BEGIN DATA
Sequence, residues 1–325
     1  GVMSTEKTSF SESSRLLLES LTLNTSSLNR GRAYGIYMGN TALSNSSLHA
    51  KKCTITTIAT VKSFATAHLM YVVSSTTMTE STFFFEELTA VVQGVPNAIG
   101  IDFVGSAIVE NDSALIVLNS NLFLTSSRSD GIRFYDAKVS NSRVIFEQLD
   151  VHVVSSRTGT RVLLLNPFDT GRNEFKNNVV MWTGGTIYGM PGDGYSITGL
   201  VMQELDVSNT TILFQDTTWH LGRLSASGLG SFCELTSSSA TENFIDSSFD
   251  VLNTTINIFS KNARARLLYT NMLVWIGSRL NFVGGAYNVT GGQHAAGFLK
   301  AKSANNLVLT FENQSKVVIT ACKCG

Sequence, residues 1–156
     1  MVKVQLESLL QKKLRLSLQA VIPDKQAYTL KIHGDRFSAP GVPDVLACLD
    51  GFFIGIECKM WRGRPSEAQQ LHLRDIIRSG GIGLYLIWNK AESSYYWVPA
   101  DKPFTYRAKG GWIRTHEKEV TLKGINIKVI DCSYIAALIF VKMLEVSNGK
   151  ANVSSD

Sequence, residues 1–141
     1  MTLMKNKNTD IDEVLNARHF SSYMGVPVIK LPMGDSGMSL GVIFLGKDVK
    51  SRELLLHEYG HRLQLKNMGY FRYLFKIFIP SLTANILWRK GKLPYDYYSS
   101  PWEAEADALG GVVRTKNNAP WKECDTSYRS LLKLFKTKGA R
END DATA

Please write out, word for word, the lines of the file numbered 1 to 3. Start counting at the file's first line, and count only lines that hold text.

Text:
Sequence, residues 1–325
     1  GVMSTEKTSF SESSRLLLES LTLNTSSLNR GRAYGIYMGN TALSNSSLHA
    51  KKCTITTIAT VKSFATAHLM YVVSSTTMTE STFFFEELTA VVQGVPNAIG